Location: Great Basin Rangelands Research
Title: Downy Brome: evidence for soil engineering Authors
Submitted to: Western Society of Weed Science
Publication Type: Abstract Only
Publication Acceptance Date: February 17, 2012
Publication Date: July 3, 2012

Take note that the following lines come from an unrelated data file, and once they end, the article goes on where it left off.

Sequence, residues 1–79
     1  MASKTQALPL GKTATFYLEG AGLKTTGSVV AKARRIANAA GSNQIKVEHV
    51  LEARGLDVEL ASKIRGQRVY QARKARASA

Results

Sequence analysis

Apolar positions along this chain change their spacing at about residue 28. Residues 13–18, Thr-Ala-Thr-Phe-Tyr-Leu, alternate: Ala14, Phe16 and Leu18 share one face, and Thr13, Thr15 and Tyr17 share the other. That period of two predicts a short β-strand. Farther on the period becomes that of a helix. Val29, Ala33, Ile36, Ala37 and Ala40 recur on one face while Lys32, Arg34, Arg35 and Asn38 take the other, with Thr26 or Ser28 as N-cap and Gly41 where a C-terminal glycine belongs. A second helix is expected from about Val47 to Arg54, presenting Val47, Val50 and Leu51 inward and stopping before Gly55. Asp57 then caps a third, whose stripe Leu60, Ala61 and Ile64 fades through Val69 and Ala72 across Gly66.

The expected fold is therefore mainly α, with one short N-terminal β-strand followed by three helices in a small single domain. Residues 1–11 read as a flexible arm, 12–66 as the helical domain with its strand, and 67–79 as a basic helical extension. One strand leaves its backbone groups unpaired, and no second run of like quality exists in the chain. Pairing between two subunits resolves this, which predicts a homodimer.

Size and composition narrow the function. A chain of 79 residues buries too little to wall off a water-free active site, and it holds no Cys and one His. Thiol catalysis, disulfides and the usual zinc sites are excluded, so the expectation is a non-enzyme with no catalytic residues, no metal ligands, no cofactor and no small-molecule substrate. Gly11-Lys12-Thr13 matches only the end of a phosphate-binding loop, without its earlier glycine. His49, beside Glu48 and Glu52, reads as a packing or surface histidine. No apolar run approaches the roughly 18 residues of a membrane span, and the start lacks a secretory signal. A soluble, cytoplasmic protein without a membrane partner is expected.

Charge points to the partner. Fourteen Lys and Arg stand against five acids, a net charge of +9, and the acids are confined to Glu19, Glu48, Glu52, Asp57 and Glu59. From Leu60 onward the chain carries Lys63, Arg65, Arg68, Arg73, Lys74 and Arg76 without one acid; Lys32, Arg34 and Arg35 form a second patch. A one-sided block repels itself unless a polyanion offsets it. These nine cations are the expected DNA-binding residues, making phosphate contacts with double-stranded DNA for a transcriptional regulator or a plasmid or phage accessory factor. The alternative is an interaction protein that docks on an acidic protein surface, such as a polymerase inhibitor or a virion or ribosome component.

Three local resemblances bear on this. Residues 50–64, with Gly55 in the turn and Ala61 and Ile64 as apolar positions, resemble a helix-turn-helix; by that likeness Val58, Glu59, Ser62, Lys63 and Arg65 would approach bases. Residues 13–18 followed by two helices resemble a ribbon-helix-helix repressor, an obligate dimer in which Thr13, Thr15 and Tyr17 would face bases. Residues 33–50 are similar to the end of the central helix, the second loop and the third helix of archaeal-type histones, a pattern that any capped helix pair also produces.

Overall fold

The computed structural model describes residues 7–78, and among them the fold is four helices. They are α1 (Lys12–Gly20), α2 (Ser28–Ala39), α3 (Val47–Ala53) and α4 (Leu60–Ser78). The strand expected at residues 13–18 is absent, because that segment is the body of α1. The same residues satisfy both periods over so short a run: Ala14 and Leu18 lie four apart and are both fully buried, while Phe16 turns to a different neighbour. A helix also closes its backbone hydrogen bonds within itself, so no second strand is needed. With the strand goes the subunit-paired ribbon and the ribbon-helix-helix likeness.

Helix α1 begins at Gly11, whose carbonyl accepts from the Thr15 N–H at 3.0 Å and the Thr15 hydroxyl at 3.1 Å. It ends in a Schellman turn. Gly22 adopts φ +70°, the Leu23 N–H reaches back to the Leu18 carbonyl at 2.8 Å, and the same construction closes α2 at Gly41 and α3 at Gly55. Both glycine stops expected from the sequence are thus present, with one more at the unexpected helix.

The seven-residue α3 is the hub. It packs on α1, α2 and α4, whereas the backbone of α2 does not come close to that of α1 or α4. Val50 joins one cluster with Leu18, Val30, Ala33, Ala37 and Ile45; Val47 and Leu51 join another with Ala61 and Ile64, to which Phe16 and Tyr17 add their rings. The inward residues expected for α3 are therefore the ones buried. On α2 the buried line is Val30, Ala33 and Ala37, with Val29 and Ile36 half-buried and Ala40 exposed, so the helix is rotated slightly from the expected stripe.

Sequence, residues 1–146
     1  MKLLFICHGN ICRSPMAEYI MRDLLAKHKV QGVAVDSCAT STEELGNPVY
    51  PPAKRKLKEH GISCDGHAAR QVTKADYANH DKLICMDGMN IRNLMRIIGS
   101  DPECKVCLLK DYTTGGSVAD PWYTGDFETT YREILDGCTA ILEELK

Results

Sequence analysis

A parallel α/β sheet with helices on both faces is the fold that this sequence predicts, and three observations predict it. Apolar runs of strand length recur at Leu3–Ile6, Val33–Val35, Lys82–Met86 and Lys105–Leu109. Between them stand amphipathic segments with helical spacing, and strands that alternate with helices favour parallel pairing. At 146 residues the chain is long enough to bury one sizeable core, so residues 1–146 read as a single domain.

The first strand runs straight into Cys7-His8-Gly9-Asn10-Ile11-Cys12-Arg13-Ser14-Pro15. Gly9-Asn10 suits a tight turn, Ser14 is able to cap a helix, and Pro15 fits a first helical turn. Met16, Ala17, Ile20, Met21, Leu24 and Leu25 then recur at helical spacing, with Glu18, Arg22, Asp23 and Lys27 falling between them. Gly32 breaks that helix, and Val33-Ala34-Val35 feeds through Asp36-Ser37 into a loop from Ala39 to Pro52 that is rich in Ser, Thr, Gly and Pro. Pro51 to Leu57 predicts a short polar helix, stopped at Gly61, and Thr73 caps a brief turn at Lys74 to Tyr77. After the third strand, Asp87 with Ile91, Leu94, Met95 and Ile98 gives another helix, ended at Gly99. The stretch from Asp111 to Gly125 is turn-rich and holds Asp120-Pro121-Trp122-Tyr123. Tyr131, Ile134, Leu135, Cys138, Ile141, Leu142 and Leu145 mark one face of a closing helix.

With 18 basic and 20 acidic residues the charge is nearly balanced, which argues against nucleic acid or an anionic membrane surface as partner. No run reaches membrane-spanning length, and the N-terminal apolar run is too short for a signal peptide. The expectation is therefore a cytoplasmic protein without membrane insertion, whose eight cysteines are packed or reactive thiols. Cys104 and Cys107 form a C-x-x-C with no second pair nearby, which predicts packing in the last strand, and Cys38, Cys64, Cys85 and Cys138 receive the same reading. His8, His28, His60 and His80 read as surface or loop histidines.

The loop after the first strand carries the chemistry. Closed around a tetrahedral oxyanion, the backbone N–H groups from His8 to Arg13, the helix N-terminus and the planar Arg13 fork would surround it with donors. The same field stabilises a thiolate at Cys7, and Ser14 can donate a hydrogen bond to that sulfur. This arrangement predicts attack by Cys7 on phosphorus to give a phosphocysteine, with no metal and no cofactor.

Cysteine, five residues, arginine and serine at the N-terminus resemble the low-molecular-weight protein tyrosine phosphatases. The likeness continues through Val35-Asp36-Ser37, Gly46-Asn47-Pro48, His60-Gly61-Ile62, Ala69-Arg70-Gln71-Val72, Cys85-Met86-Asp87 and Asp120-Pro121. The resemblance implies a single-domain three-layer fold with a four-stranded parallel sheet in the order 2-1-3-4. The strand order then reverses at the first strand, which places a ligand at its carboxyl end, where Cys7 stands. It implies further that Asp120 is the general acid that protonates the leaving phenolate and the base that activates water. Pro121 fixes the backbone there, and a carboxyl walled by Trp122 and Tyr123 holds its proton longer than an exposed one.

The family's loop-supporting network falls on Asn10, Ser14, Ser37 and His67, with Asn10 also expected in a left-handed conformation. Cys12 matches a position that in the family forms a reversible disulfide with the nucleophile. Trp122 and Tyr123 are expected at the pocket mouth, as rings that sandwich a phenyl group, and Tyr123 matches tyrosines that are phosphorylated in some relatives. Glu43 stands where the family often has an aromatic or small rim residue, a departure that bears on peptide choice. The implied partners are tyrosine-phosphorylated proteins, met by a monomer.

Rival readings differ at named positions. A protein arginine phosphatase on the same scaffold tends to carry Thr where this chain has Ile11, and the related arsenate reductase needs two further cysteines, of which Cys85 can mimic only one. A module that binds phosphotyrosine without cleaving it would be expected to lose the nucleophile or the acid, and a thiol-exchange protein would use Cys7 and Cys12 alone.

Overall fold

Citation: Blank, R.R., Morgan, T.A. 2012. Downy Brome: evidence for soil engineering [abstract]. Western Society of Weed Science. 65:15. Technical Abstract: Bromus tectorum L. (downy brome, cheatgrass) is an invasive Eurasian grass largely responsible for landscape level conversion of sagebrush/bunchgrass communities to annual grass dominance. We tested the hypothesis that B. tectorum alters or “engineers” the soil to favor its growth. The hypothesis was tested in a greenhouse using rhizotrons filled with either soil invaded by B. tectorum for 6 years or a similar soil not yet invaded. Seeds of B. tectorum (6 replicates) were sown in either invaded or non-invaded soil and allowed to grow for 70 days. Response variables were above-ground mass, root mass at selected depths, and several soil attributes. The experiment was conducted over two growth cycles. After the 1st growth cycle, B. tectorum above-ground mass was 189% greater when grown in invaded soil relative to the non-invaded soil. The soil variable, which explained 54% of B. tectorum growth, was the molar proportion of nitrite in the nitrate + nitrate extractable pool. These data, in addition to results of field experiments, suggest long-term occupation of a soil by B. tectorum facilitates greater N mineralization and reduces the kinetics of microbial nitrite to nitrate transformation. We conjecture that B. tectorum may have efficient nitrite root transport system(s). Overall, our data support the hypothesis that occupation of a soil by B. tectorum, overtime, facilitates an increase in its growth potential.